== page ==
Rovinj is one of nine settlements officially designated as towns in Istria County in western Croatia. It has a humid subtropical climate (Köppen: Cfa), with an average temperature of 4.8 °C (40.6 °F) in January and 22.3 °C (72.1 °F) in July. The average annual temperature is 13.4 °C (56.1 °F). The sea temperature is more than 20 °C (68 °F) from mid-June to September. The average annual sea temperature is 16.6 °C (61.9 °F).
From May to September Rovinj receives more than 10 sunshine hours a day. The rainfall averages 941 mm (37.05 in) a year and average air humidity is 72 percent. Originally the peninsula on which the city lies was an island, separated from the mainland by a channel. The latter was filled in 1763. Rovinj Archipelago includes 22 islets.
Along the rocky shore, the translucent sea splashes the coastline, which invites brave swimmers to dive in headfirst in the heat of the day. In the late afternoon, as the local fishermen head out to sea in hopes of a catch, people gather along the coastline to watch the sun sink into the horizon.
Scrumptious seafood is heaped on plates at sea view restaurants and family-run pizzerias hidden on small squares serve piping hot pies cooked in wood-burning ovens. The Italian influence is strong and so are the truffles and local brandy, called rakija.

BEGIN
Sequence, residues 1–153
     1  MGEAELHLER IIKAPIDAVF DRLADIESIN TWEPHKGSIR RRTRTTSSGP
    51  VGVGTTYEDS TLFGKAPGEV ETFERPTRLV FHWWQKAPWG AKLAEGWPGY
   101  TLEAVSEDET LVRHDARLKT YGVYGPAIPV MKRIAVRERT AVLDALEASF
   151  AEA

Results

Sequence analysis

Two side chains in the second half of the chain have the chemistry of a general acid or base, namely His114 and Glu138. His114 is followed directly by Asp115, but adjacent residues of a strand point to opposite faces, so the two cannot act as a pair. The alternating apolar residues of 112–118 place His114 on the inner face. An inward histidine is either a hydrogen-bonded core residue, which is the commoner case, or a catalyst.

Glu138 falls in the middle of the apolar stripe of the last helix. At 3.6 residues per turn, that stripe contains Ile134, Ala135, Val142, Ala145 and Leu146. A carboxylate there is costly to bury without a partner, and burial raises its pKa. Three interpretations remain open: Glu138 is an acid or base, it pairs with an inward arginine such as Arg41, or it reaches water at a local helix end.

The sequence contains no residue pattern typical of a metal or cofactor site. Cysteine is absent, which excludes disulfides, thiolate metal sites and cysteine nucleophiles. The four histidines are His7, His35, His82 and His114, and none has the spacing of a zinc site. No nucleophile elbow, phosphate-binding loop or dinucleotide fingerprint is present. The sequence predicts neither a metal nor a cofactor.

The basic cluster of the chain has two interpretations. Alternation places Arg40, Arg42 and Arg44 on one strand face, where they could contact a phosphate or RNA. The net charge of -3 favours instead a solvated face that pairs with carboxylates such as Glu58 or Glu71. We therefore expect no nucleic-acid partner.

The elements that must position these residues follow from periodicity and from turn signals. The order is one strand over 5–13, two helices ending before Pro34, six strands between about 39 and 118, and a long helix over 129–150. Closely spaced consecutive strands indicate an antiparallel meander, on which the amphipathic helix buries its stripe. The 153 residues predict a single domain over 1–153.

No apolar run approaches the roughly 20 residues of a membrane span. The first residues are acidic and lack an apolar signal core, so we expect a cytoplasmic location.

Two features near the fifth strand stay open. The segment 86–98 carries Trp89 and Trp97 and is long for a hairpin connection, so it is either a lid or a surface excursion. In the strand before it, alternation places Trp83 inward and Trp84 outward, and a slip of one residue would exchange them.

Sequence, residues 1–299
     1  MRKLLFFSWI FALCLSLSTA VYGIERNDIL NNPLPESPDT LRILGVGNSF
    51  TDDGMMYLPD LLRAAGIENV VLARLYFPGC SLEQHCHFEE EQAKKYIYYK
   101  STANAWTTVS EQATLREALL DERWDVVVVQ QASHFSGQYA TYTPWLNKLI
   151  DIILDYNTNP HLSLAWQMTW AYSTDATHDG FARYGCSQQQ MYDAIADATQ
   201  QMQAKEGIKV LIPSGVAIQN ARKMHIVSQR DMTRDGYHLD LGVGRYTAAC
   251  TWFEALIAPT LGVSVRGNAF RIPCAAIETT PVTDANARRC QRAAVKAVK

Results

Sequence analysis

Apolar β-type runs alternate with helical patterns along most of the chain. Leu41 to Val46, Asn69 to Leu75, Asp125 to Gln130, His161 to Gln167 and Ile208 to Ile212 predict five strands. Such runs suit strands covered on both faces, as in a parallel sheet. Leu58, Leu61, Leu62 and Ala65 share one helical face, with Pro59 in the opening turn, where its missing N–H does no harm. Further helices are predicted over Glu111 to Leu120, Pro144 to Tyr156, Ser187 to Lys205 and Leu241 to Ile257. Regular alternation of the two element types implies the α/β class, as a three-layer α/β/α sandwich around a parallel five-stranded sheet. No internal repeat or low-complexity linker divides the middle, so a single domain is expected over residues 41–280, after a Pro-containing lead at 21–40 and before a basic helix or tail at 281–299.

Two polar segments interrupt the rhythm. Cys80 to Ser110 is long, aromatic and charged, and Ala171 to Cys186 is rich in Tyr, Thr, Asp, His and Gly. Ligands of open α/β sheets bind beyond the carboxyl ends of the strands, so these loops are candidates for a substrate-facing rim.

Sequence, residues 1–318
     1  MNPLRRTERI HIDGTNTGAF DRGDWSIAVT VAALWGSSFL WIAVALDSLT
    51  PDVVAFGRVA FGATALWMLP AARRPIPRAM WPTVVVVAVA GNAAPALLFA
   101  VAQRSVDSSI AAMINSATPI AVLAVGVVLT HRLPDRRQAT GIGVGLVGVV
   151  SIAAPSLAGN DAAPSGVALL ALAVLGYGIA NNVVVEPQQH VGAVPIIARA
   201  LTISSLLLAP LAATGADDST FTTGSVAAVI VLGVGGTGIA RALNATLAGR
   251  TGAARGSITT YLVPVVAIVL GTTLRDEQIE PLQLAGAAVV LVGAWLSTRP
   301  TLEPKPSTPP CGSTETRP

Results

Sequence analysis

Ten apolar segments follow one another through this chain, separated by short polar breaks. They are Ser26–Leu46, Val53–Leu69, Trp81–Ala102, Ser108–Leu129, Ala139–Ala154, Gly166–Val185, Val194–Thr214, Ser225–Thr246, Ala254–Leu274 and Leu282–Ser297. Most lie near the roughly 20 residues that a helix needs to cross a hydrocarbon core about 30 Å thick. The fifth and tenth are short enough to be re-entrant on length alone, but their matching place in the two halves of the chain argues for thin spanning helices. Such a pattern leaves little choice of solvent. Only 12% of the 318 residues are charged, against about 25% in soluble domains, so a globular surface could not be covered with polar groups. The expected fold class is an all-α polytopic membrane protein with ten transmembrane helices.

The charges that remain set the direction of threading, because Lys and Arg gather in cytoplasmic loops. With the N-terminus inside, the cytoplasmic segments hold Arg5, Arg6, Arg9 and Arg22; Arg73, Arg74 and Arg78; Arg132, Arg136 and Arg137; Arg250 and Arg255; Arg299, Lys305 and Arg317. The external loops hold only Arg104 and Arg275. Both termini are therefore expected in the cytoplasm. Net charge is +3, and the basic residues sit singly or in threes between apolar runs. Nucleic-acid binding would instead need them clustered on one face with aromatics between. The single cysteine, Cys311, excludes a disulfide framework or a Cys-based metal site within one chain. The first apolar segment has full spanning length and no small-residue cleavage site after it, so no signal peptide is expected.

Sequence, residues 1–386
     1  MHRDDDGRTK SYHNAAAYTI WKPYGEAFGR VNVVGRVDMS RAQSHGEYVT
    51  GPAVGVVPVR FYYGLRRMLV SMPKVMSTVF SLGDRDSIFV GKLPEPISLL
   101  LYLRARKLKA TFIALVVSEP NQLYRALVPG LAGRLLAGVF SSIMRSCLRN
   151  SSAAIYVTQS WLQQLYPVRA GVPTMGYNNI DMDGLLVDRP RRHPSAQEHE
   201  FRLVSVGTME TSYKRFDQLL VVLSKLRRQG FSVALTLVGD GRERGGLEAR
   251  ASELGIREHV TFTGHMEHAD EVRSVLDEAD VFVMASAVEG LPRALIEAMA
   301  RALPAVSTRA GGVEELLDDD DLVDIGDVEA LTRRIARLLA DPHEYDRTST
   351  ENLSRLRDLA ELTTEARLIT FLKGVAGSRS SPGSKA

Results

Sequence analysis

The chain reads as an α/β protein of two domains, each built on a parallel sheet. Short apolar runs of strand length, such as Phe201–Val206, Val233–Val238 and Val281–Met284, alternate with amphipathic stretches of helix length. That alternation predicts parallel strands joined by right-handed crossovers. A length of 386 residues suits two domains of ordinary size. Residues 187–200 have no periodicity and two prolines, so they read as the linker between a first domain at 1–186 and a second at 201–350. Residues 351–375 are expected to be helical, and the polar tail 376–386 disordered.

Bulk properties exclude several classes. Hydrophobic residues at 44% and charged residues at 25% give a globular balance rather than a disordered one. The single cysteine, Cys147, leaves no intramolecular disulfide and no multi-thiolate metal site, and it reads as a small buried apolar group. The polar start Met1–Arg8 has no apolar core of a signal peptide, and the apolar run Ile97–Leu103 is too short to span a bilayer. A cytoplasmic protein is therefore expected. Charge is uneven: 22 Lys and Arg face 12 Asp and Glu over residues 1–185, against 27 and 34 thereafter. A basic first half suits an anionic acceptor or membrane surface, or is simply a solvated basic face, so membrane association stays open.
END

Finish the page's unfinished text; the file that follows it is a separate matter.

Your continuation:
The main economic activity in Rovinj is tourism and during peak season (May–September), its bars, restaurants, and art galleries work long hours, while operating limited hours off-season. The busiest area is the very center of Rovinj, extending from the main bus station towards the old part of town, where most bars and clubs are located. The town’s main central thoroughfare is the fully pedestrian Carrera Street, with many independent shops and art galleries. A farmer’s market is located at the edge of the historic part of town, near Valdibora Square.
Rovinj manages to combine, in a very interesting way, its rich tradition with modern times. As it is also an active fishing port, visitors can experience the atmosphere of a small fishing village, especially during the popular fishermen’s festivities or at one of the traditional taverns called Spacio (in the past, very popular among fishermen). On the other hand, the town has been developing exquisite gastronomy and offers a high standard of tourist services in general.
The city at the foot of the Church of St. Euphemia is the favorite gathering place of artists from around the world. Walking down its streets, visitors will bump into many art galleries and studios, whilst once a year, in August, you have the possibility to attend the largest open-air exhibition of the Adriatic coast, which takes place in one of the main old-town streets – Grisia.
The historic core of the city is limited to pedestrian foot traffic, and bikes can be used to explore the nearby vineyards and parks. Rovinj exudes simple pleasures and a peaceful atmosphere of life by the sea.